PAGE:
For the downlink, different circular polarization (RHCP and LHCP) will be used for each antenna. Due to CHEOPS mission attitude, there will be a change from one antenna (one polarization) to the other antenna (other polarization) during one pass. Therefore, it requires the ground station capability to simultaneously receive both polarizations and be able to select the best signal.

Frequency

2033.66 MHz

TC modulation

16 kHz subcarrier PM

Bit rate (RF)

4 kbit/s

Encoding

Pseudo-randomization decoding performed at OBC

Acquisition

Threshold: -120 dBm carrier ±140 kHz @32 kHz/s

Tracking

Threshold: -125 dBm carrier ±140 kHz @32 kHz/s

Receiver noise figure

≤ 3 dB

Power consumption

4.5 W (per receiver)

Table 3: Uplink specification

Frequency

2208.5 MHz

TM modulation

SRRC (Square-Root Raised Cosine Signals), OQPSK (Offset Quadrature-Phase Shift Keying)

Bit rate (RF)

1143 kbit/s

Output power

33 dBm (2 W)

Bandwidth @99% power

1,5 MHz

SRRC roll-off

0.50

Encoding

Reed Solomon (255,223) (performed at OBC), Pseudo-randomization (performed at OBC)

Power consumption

14 W per transmitter

Table 4: Downlink specification

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Figure 11: Antenna location in spacecraft (image credit: CHEOPS Team)

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Figure 12: COM DEV STC-MS03 transceiver (image credit: COM DEV)

Customer

ESA (European Space Agency)

Primary goal

Characterize transiting exoplanets orbiting bright host stars

Targets

Known exoplanet host stars with a V-magnitude ≤ 12 anywhere in the sky

Spacecraft characteristics

Size: 1,6 m height, 290 kg mass, 200 W nominal operation, 30 kg propulsion tank

On board image memory

Solid State Mass Memory in OBC up to 3.8 Gbit

Launch

End Q2 2018 (shared flight opportunity)

Mission

Lifetime: 3.5 years science operations (5 years goal) – First S-class mission in Cosmic Vision 2015-2025 and the first one Airbus DS Spain has won in an open competition

Instrument

On axis telescope with a diameter of 32 cm; capability of determining planets radii within ~10% accuracy

AOCS

Three-axis satellite attitude control and instrument-in-the-loop.
Sensors: Magnetometers, star trackers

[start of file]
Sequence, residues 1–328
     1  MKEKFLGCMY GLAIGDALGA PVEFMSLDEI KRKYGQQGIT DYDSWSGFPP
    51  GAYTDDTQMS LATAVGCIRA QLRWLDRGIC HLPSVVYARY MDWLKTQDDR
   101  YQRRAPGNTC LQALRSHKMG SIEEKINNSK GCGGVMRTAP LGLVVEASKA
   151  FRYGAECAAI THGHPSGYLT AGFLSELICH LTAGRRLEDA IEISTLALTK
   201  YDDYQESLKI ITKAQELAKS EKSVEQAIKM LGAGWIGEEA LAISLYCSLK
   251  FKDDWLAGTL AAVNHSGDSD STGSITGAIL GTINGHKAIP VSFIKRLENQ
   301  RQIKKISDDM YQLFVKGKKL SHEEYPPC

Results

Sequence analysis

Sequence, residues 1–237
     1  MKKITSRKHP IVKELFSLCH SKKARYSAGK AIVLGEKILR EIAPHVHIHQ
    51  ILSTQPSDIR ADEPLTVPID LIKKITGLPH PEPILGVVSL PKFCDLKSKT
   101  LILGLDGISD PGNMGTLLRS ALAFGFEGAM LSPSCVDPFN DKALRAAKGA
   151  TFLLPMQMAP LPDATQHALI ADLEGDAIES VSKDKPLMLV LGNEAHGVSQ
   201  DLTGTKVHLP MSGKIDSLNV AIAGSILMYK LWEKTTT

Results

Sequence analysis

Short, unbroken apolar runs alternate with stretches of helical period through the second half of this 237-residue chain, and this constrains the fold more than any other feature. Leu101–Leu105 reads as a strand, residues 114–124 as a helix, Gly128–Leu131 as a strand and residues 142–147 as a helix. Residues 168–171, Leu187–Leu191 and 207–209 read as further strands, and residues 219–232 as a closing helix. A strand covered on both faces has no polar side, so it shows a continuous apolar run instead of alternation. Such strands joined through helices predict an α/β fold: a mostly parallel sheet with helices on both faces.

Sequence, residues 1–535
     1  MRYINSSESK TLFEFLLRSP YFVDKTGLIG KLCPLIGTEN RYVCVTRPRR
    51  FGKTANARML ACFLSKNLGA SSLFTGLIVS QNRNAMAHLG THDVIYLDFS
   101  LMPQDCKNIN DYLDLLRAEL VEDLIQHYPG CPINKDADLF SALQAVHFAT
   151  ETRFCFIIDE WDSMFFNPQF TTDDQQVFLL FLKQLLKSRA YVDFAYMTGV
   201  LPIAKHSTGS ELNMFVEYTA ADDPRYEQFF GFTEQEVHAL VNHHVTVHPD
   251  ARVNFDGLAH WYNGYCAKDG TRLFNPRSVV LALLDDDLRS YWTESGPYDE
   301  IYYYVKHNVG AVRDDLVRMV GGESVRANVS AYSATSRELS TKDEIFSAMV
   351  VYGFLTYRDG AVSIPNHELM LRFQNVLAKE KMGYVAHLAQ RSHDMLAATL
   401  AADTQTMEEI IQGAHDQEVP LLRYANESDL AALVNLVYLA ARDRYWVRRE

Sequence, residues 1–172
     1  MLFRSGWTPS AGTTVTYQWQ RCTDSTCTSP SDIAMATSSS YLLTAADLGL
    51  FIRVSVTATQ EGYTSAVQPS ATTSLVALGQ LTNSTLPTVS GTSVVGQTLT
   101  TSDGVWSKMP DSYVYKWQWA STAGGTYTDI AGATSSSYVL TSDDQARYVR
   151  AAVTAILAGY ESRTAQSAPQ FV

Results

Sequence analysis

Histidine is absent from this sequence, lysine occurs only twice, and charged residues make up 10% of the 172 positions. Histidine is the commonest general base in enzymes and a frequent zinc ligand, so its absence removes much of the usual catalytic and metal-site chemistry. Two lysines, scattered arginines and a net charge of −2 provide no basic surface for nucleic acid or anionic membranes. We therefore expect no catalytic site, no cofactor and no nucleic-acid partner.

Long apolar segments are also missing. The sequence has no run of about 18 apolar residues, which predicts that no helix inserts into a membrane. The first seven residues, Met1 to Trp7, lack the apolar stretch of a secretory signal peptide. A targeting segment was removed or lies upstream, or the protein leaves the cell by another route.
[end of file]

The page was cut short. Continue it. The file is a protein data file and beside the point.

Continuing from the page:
Actuators: Magneto-torquers, reaction wheels, propulsion module
Pointing stability < 4º
Attitude: defined by the telescope Line-of-sight and the direction of nadir

Airbus DS responsibilities

AIRBUS DS Spain was awarded with the contract to manufacture and integrate the satellite platform, the integration of the scientific instrument, the realization of the satellite functional and environmental campaigns, the launch campaign and the LEOP and IOC phases

Table 5: CHEOPS key features (Ref. 10)

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Figure 13: Summary of the milestones achieved and planned until completion (image credit:ESA) 16)


Launch: The CHEOPS minisatellite was launched as a secondary payload on 18 December 2019 (08:54:20 UTC)on an Arianespace Soyuz rocket, designated VS23, from the the Guiana Space Center in Kourou. — The primary mission on this Soyuz flight is the first COSMO-SkyMed Second Generation (CSG-1), radar surveillance satellite for ASI, the Italian space agency. The Soyuz 2-1b (Soyuz ST-B) rocket used a Fregat upper stage. It provided an estimated total lift performance of 3,250 kg, including the satellites and ASAP-S multi-passenger dispenser system. Flight VS23 was Arianespace’s third launch in 2019 using a medium-lift Soyuz, and the ninth overall this year across its full family of launchers – which also includes the heavy-lift Ariane 5 and lightweight Vega. 17) 18) 19)

Figure 14: ESA's Cheops satellite lifts off from Europe’s Spaceport in Kourou, French Guiana. The Soyuz-Fregat launcher will also deliver the Italian space agency’s Cosmo-SkyMed Second Generation satellite (CSG-1), and three CubeSats – including ESA’s OPS-SAT – into space today. Cheops is ESA’s first mission dedicated to the study of extrasolar planets, or exoplanets. It will observe bright stars that are already known to host planets, measuring minuscule brightness changes due to the planet’s transit across the star’s disc (video credit: ESA/CNES/Arianespace) 20)

Orbit: The CHEOPS baseline orbit satisfying the science requirements is a 6:00 hr (baseline) or 18:00 hr (backup) sun-synchronous orbit (dawn/dusk orbit). The two satellites will separate in turn into their own orbits soon after ascent, with CHEOPS operating in LEO (Low Earth Orbit) at an altitude of 700 km and an inclination of ~98º, enabling to have the Sun permanently on the backside of the satellite and minimizing Earth straylight.

Secondary payloads

• CHEOPS (CHaracterizing ExOPlanets Satellite) minisatellite of ESA with a mass of ~300 kg.

• EyeSat, a 3U CubeSat (5 kg) student satellite of the University Technological Institute (IUT) in Cachan, France and CNES.

• ANGELS (ARGOS Néo on a Generic Economical and Light Satellite), a microsatellite (30 kg) of CNES and NEXEYA, an innovative industrial group active in the aerospace market.

• OPS-SAT, a 3U CubeSat (6 kg) of ESA/ESOC that will allow on-orbit testing and demonstration of experimental and innovative software that may be used in future ESA missions and programs.

The CHEOPS satellite will observe individual bright stars that are known to host exoplanets, in particular those in the Earth-to-Neptune size range. By targeting known planets, CHEOPS will know exactly when and where to point to catch the exoplanet as it transits across the disk of its host star. Its ability to observe multiple transits of each planet will enable scientists to achieve the high-precision transit signatures that are needed to measure the sizes of small planets.